“You look so good,” he tells me, from both 2,700 kilometres and mere centimetres away. He’s on-screen, via Skype and satellite from somewhere near the Arctic Circle. “You’re beautiful.”
It’s 3am. I wasn’t prepared for a late-night video session. I was prepared for bed – in fact I was in bed – complete with bed head and sleepy eyes sans mascara. And that’s how I respond to his appreciation. With denial. With a verbal inventory of my beauty sins: My hair’s a mess, I’m not wearing makeup (or clothes!).
So he takes a video snap shot and sends it to me so I can see what he sees.
And I do. Although I could make you a list of everything I don’t like about this picture of me, I see. I see shiny skin. I see sweetness. I see a woman soft with love for a man who is very far away.
And that’s sexy. Sexy isn’t (only) preparation, occasion, fishnets and false eyelashes. It’s bare skin, bared shoulders, naked soul. It’s eye to eye. It can even be screen to screen. It’s 3am.
And, sometimes – lots of times, especially when you want to capture concepts and intimate cosmologies – that’s the most wrenching way to write.
Take for example, the seemingly mandatory line in nearly every online dating profile: “I like walks on the beach…”. Bullshit. Is that how you live? Daily walks at sunset in the sand?
Don’t tell me your fantasies. Tell me your reality. That’s what I will love. That’s what I want to read.
That’s why readers don’t skip dialogue. Because it’s ordinary. It’s what people do. They don’t wax poetic about beaches and beech leaves and willow trees. They talk to each other.
And so, if you must laud the landscape, do it the way Berliners do. Name an astonishingly pretty promenade and avenue of six lanes of traffic sheltered and shaded by four rows of arching Linden trees something disconcertingly literal, like “Unter den Linden”, or “Under the Lindens”.
Because that’s poetry. That’s the poetics of practicality.
Or, if you’re writing about love, wondering about how to answer that eternal question, “Who knows how to make love stay?” – honestly, it’s such a pressingly regular search for me that I’ve created a Google alert for the topic – stay away from the stars and the moon and words like “eternity.” Go practical. Go boringly ordinary. What do you really love? Talk cheesecake to me, baby:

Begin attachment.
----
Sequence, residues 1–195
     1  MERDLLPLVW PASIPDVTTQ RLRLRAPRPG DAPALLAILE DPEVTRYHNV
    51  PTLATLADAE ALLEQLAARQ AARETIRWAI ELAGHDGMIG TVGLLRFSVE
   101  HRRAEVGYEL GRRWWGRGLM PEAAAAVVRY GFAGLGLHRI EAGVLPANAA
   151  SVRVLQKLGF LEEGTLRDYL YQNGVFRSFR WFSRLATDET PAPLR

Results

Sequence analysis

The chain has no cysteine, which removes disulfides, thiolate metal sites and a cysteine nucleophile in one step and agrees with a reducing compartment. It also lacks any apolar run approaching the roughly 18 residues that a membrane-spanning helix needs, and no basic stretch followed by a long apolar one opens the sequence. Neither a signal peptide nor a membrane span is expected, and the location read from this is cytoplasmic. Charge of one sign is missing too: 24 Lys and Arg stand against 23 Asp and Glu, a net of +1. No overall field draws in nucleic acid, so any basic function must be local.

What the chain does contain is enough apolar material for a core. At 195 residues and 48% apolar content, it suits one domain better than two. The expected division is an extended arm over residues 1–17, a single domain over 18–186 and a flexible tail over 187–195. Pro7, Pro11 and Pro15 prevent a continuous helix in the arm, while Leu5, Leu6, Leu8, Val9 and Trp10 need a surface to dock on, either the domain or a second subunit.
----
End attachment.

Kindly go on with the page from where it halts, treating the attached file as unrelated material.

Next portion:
Tell love you are going to the Junior’s deli on Flatbush Avenue in Brooklyn to pick up a cheesecake and if love stays, it can have half. It will stay. – Tom Robbins
When you want to write about the qualities of a culture – business or national – ground your airy ideals by referring to the values of a magazine or movement as the “aspect and furniture of the establishment.” When you’re trying to capture the essence of a nation – if such a thing is even possible – screw history. Embrace aphorisms and obsessions. Talk shite. Literally.
(And read Vanity Fair. Every edition is a lesson in practiced, polished and inventive writing. God bless atheist Christopher Hitchens, and, if you’ve learned my “thread the grommets/lace the corset” structure, the set-up, follow-through and end of “It’s the Economy, Dummkopf!” by Michael Lewis is a superb example of what Imma talkin’ about.)
The rule: to write convincingly about concepts, go gutteral. Cheesy, cheesecakey, practical, literal, boring, ordinary.
And the results will be extraordinary.
My houseguest, the famed Stephen J Kelly of London and unrepentant wearer of my infamous PORN t-shirt, told me about his love for the Unter den Linden and, upon his return from a tour of Victoria, brought me blueberry cheesecake from John’s Place. See? Writing is nothing more than theft, but it’s not even a grand felony. It’s shoplifting trinkets. You steal from your life.
Sunday School for Sentences will be a sixteen-part series. Missed one? Here they are:
- Sunday School for Sentences #1: Explain the Expected in Unexpected Ways
- Sunday School for Sentences #2: The (Textual) Reverse Cowgirl
- Sunday School for Sentences #3: Object Lessons (from Kanye West and JD Salinger)
- Sunday School for Sentences #4: How to Give Good Quote
- Sunday School For Sentences #5: Why You Should Write Bad Poetry
- Sunday School for Sentences #6: Two Damn Fine Writing Tips
- Sunday School for Sentences #7: There Are No Magic Words
- Sunday School for Sentences #8: How To Execute a Climax or Series of Climaxes. I’m talking About Writing. Mostly.
- Sunday School for Sentences #9: Thread the Grommets, Lace the Corset, Feed the Rabbits
- Sunday School For Sentences #10 – Work It
- Sunday School for Sentences #11: The Pigs In Space Edition
- Sunday School for Sentences #12: Screw SEO. I Write (Wackadoo Titles) for PEOPLE, Not Search Engines. And So Should You.
- Sunday School for Sentences #13: How to Write an Intimate Cosmology of Cheesecake, Cheesecake Shots (or not) and Shoplifting
- Sunday School for Sentences #14: What Picasso And Dave Chappelle Know about Writing. For Realz.